VOL. XXIX NO. 1
Thanks to funding from the Public Welfare Foundation, Atlantic Philanthropies, Löben Sels/RembeRock Foundation, and the True-Brown Foundation, NCYL is expanding its Juvenile Justice Reform Project. This expansion includes increased involvement in Wyoming and Arkansas, where NCYL is currently working, and the launching of new juvenile justice reform work in other states, including California.
Joining NCYL’s juvenile justice team are attorney Patricia Soung and policy advocate Mikaela Rabinowitz. They will work with Senior Attorney Pat Arthur and staff attorney Fiza Quraishi, a former Equal Justice Works fellow at NCYL. Fiza is currently on maternity leave, returning to NCYL in October on a part-time basis.
Patricia Soung will join NCYL on June 1. She is currently an attorney with the Children and Family Justice Center, Northwestern University School of Law, where she challenges juvenile life without parole and other extreme sentencing practices, as well as wrongful convictions of youth, through community organizing, public education, coalition-building, and litigation. Patricia received her JD from Northwestern University School of Law and her BA from Stanford University, where she earned several distinctions for her commitment to public service and advocacy in anti-poverty projects. Before law school, Patricia worked to increase the capacity and support of youth social justice efforts nationally as Director of Education and Outreach for the Funders’ Collaborative on Youth Organizing in New York and as a Tom Ford Fellow at the Tides Foundation in San Francisco. She serves on the board of the Highlander Research and Education Center, and has served on numerous advisory bodies and boards for education reform and youth justice efforts.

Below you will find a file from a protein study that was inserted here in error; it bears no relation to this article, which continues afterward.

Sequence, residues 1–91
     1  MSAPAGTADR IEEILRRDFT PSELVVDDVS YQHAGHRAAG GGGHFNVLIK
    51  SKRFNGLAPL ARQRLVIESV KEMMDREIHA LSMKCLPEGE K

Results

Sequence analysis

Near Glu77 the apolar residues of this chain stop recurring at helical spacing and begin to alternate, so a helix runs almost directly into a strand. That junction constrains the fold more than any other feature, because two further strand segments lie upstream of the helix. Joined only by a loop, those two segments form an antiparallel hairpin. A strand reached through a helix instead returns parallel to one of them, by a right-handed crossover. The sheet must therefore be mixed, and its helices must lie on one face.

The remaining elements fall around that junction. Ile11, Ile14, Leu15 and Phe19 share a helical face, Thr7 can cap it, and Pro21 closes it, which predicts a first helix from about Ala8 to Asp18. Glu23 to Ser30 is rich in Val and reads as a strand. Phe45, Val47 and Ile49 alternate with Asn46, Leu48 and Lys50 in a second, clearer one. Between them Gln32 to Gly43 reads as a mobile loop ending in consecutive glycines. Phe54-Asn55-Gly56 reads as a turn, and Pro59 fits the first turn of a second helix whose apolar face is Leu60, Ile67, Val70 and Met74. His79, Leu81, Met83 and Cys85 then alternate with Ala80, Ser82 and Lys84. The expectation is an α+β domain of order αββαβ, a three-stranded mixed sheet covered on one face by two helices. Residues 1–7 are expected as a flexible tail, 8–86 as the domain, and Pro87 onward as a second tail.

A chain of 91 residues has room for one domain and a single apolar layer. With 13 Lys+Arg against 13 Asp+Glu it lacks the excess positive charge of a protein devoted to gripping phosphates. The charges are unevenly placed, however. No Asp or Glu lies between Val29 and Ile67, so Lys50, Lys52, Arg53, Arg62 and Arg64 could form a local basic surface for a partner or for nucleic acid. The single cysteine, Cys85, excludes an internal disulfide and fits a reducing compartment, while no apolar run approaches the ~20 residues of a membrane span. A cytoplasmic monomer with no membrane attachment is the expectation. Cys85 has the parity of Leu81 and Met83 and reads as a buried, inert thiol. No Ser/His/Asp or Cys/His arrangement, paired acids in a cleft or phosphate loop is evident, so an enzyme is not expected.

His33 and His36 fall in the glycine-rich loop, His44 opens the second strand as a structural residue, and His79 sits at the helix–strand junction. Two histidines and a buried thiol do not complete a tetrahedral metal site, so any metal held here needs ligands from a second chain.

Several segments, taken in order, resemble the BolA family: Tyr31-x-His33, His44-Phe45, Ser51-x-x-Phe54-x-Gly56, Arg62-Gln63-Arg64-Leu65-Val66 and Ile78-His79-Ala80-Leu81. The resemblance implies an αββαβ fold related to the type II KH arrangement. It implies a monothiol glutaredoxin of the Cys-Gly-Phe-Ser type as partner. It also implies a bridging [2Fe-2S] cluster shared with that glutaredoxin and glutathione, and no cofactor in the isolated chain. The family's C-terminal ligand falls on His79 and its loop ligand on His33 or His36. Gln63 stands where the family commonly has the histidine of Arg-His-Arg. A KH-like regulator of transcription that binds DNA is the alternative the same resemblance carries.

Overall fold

Before joining NCYL, Mikaela Rabinowitz served on the Research Advisory Council of Illinois’s Disproportionate Justice Impact Study, where she studied racial disparities in the state’s criminal justice system and recommended legislative and policy remedies. She is currently completing her PhD in Sociology at Northwestern University, and working at NCYL part-time. Mikaela’s dissertation examines the impact of pretrial detention on defendants’ case outcomes and on their lives independent of the criminal justice system. Mikaela earned her BA, Magna Cum Laude and with Honors, from Columbia University, and her MA from the University of Chicago.
NCYL assists carefully selected juvenile justice reform efforts that it believes have genuine potential for success. The Center’s priority is to reduce the number of youth subjected to harmful and unnecessary incarceration and expand effective community based supports. NCYL uses a variety of approaches in its juvenile justice reform work, including developing relationships with government officials and key stakeholders to ensure NCYL’s place at the table -- or behind the scenes -- to help shape sustainable reform. NCYL retains experts to assist with various aspects of reform efforts and to provide technical assistance as needed.